Public Companies Bought More Bitcoin in 2021 Than 2020

Institutional investment is always a boost for the crypto industry. It was one of the primary drivers of the growth seen in 2020, thanks to companies like Block (formerly Square) and MicroStrategy putting billions in the market.

Public Companies Bought More Bitcoin in 2021 Than 2020

With a relatively uncertain economic climate in 2021, public companies did more Bitcoin investing, and many of them benefitted nicely.

Bitcoin Effectively Enters Wall Street

Earlier this month, Willy Woo, a popular on-chain crypto analyst, shared a tweet claiming that public companies holding Bitcoin gained market share from spot exchange-traded funds (ETFs).

Woo referenced a chart showing Bitcoin holdings inside ETFs and the treasuries of public companies, all available for public ownership through equity markets.

The data showed that Grayscale Investments - the crypto industry's largest asset management firm - gained the biggest market share with its holding of 645,199 BTC by the close of 2021 - enough to take up about 71 percent of the broader market, holdings of all corporations and spot ETFs totaling 903,988 BTC.

Besides ETF and equity markets data, more public companies joined the crypto market in 2021. MicroStrategy continued to lead the charge, the Virginia-based business intelligence company pouring billions into Bitcoin at different intervals.

According to data from Bitcoin Treasuries, MicroStrategy is the leader among public companies holding Bitcoin. According to current prices, the company currently holds 124,391 BTC, worth $5.3 billion. It's followed by auto manufacturer Tesla, which has 42,902 valued at $1.8 billion.

Galaxy Digital Holdings (16,400 BTC, $700 million), Voyager Digital Limited (12,260 BTC, $523 million), and Marathon Digital Holdings (8,133 BTC, $347 million) make up the rest of the top five.

These numbers are a far cry from 2020, when public companies only held about $3.6 billion in Bitcoin. Market prices have since changed. There are several newcomers. Voyager Digital held Bitcoin for a long time, but the company only started trading on the Toronto Stock Exchange in September 2021. The same can be said about Coinbase, debuting on the Nasdaq early last year.

Several other companies went public last year after holding Bitcoin for a while.

IPO Watch for 2022 Means Treasuries Will Grow

With 2022 now underway, there is little doubt that the number of public companies holding Bitcoin - as well as the number of Bitcoin held by public companies - will increase.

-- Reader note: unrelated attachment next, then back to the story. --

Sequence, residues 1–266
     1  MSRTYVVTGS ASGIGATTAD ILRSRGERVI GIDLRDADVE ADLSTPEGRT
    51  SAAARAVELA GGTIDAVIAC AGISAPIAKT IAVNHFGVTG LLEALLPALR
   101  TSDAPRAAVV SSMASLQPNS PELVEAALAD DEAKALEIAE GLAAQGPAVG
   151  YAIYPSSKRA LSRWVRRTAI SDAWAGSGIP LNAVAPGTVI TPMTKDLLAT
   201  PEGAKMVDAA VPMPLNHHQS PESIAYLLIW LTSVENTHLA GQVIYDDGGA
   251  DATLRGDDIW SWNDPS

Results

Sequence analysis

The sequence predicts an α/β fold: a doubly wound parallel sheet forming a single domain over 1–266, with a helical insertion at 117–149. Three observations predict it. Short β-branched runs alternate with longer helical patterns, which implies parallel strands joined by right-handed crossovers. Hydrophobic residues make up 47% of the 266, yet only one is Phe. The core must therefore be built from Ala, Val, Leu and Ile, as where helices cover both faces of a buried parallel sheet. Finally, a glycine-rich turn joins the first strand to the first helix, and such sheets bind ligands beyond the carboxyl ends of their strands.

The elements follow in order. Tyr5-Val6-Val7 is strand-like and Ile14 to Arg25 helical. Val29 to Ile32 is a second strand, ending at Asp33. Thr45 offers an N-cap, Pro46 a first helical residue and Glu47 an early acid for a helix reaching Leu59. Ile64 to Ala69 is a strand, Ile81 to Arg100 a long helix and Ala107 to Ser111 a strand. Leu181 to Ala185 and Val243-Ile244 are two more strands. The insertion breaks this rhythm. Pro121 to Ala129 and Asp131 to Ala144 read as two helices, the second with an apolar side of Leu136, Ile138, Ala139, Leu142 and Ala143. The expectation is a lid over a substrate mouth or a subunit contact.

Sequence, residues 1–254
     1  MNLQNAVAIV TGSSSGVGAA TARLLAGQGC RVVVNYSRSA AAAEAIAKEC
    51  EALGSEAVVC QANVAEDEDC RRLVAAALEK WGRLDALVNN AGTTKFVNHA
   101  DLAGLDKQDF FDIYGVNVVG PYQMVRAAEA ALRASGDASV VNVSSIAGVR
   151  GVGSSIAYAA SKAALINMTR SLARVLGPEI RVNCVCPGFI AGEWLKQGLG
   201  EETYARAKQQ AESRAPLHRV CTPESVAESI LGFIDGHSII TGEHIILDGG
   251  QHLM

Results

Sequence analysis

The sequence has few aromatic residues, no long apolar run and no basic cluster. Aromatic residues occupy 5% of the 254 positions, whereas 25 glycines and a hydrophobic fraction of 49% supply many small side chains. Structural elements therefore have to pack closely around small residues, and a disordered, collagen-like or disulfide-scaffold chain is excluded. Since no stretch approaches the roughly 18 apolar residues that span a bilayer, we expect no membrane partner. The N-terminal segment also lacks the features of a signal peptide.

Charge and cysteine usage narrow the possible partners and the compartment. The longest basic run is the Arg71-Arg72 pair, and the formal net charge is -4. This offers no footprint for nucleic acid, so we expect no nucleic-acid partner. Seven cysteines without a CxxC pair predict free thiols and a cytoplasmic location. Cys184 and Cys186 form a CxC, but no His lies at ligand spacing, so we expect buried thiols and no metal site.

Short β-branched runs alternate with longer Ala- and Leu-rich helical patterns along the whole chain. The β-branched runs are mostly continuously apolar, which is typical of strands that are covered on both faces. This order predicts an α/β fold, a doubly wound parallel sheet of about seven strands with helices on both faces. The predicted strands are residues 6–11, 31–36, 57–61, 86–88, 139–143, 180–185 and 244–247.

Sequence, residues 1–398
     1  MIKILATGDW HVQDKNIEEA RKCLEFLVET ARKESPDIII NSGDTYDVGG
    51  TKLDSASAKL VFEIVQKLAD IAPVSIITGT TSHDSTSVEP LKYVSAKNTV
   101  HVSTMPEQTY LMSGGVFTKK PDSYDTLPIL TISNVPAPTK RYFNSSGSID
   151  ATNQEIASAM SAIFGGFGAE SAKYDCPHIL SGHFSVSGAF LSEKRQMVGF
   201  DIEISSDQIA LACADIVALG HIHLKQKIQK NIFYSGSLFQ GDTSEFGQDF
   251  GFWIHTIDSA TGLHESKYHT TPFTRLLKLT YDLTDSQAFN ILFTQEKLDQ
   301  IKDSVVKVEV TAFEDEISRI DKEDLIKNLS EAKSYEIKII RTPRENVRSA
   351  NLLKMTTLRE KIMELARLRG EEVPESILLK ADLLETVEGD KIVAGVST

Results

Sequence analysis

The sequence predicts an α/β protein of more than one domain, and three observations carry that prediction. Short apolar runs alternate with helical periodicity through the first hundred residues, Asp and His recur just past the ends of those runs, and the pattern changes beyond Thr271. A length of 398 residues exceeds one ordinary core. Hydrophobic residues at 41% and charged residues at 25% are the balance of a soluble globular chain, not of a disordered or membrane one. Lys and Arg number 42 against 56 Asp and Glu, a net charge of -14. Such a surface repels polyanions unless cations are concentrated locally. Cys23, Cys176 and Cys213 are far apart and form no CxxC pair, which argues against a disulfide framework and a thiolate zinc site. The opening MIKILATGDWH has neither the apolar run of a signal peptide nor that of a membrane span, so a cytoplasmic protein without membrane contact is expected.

Already, several top crypto firms are looking at the possibility of public debuts. Last year, reports confirmed that Binance was considering a public debut for its Binance US subsidiary - following a similar move made by Coinbase at the time. Kraken, another top exchange, is also buzzing with talk of an initial public offering (IPO).

Crypto exchanges are known to hold Bitcoin as part of the broader financial planning strategy. If more continue to go public, Bitcoin treasuries will increase.

Inflation Fears Could Accelerate the Crypto Push

Besides crypto companies going public, traditional firms may also look to add Bitcoin to their portfolios. One of the most significant economic trends is the fear of inflation. The Federal Reserve is doing all it can to balance the markets and keep the American economy growing.

The economy is currently dealing with the fallout from the coronavirus pandemic, where governments printed billions of dollars and sent them out to citizens in the form of aid and stimulus checks. Now, the American economy is dealing with its highest inflation rate in four decades. The Consumer Price Index has also ballooned.

With all of this, investors and companies are running scared, and many could be turning to crypto.

Several prominent investors are advising people to do just this. Ray Dalio, whose Bridgewater Associates hedge fund holds over $150 billion in assets under management, urged investors to devote a small portion of their portfolios to cryptocurrencies as cash is currently the worst investment amid inflation fears.

Thomas Peterffy, a billionaire investor, told Bloomberg recently that investors should allocate 2 to 3 percent of their portfolios to crypto.


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